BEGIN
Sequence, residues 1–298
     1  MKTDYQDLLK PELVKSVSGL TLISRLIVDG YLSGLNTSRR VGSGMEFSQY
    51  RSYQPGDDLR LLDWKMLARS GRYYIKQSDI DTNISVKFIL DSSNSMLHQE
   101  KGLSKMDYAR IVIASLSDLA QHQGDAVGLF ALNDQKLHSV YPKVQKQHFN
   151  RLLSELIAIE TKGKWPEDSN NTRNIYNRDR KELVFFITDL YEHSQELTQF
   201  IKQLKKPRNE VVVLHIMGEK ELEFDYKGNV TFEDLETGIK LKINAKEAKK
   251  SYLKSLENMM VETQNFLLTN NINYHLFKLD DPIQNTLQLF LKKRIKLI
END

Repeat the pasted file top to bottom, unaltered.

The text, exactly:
Sequence, residues 1–298
     1  MKTDYQDLLK PELVKSVSGL TLISRLIVDG YLSGLNTSRR VGSGMEFSQY
    51  RSYQPGDDLR LLDWKMLARS GRYYIKQSDI DTNISVKFIL DSSNSMLHQE
   101  KGLSKMDYAR IVIASLSDLA QHQGDAVGLF ALNDQKLHSV YPKVQKQHFN
   151  RLLSELIAIE TKGKWPEDSN NTRNIYNRDR KELVFFITDL YEHSQELTQF
   201  IKQLKKPRNE VVVLHIMGEK ELEFDYKGNV TFEDLETGIK LKINAKEAKK
   251  SYLKSLENMM VETQNFLLTN NINYHLFKLD DPIQNTLQLF LKKRIKLI